To further investigate the clinical significance of m6A-related genes, we assessed survival rates in three independent datasets with prognosis information (TCGA, GSE14520, and GDGH cohort). The clinical characteristics of patients in each cohort are summarized in Table 1. In each dataset, patients were divided into two groups by the median value of the candidate gene, and OS curves for each gene were plotted by the Kaplan–Meier method. Analysis of these datasets revealed that among all genes examined (
Table 1 Clinical characteristics of patients in the TCGA, GDGH, and GSE14520 cohorts
Figure 3 Immunohistochemical staining of METTL3 (A, B) and YTHDF1 (C, D) in HCC tissues Scale bars: 200 μm.
Cox regression analysis for the prognosis significance of METTL3 and YTHDF1
Since survival curves showed that both METTL3 and YTHDF1 were correlated with survival, we performed multivariate Cox proportional-hazards analyses to further investigate the prognostic value of METTL3 and YTHDF1. According to the results of multivariate Cox regression in the GDGH cohort, METTL3 expression (HR =1.78, 95%CI =1.09–2.91, P=0.021) and YTHDF1 expression (HR =1.53, 95%CI =1.08–2.16, P=0.017) were both independent prognostic factors for patients with HCC (Table 2).
Table 2 Univariate and multivariate analyses of factors associated with survival
The two-gene signature predicts the survival of patients with HCC
Due to the importance of m6A modifications in biological processes, as well as the significant prognostic value of METTL3 and YTHDF1 in HCC, we developed a risk stratification method based on these two genes. Patients were divided into three groups based on median expression levels of METTL3 and YTHDF1 (Figure 4). Kaplan–Meier curves showed that patients in low-risk groups had significantly increased survival than those in other risk groups (log-rank test, P=0.0002 in TCGA, P=0.0249 in GSE14520, P＜0.0001 in GDGH cohort) (Figure 4A–C). Overall, after we integrated all patients in one survival analysis, we observed that patients in different groups had distinctively different outcomes (P＜0.0001) (Figure 4D).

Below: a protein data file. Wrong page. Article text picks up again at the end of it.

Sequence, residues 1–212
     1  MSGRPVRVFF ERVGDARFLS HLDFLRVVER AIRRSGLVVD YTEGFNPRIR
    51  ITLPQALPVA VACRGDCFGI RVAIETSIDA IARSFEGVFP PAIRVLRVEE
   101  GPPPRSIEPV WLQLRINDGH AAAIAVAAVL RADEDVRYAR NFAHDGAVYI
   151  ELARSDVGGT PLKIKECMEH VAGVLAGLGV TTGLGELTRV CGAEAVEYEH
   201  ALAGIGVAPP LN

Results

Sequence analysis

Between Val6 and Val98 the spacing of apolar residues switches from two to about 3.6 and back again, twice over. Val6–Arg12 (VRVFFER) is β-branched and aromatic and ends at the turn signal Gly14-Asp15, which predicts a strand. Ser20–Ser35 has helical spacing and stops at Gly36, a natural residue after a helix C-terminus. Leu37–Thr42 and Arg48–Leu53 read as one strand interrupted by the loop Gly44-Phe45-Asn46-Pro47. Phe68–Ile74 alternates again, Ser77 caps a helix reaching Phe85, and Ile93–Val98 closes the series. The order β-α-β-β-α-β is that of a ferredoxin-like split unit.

GSEA and functional annotation of METTL3 and YTHDF1
To explore the potential function of METTL3 and YTHDF1 in HCC, we applied GSEA on the TCGA and GSE14520 datasets using the KEGG gene sets (c2.cp.kegg.v6.2.symbols). The results of GSEA are listed in
Table 3 Gene set enrichment analysis for METTL3 with KEGG pathway gene sets gene symbols using the TCGA and GSE14520 datasets
Table 4 Gene set enrichment analysis for YTHDF1 with KEGG pathway gene sets gene symbols using the TCGA and GSE14520 datasets
Because we found that patients with high expression of both METTL3 and YTHDF1 had the worst prognosis, we further screened the enriched KEGG pathways associated with both METTL3 expression and YTHDF1 expression (Figure 5A), they were spliceosome, cell cycle, DNA replication, base excision repair, and RNA degradation. The GSEA plots are shown in Figure 5B. This result indicated that both METTL3 and YTHDF1 play important roles in the above five biological processes.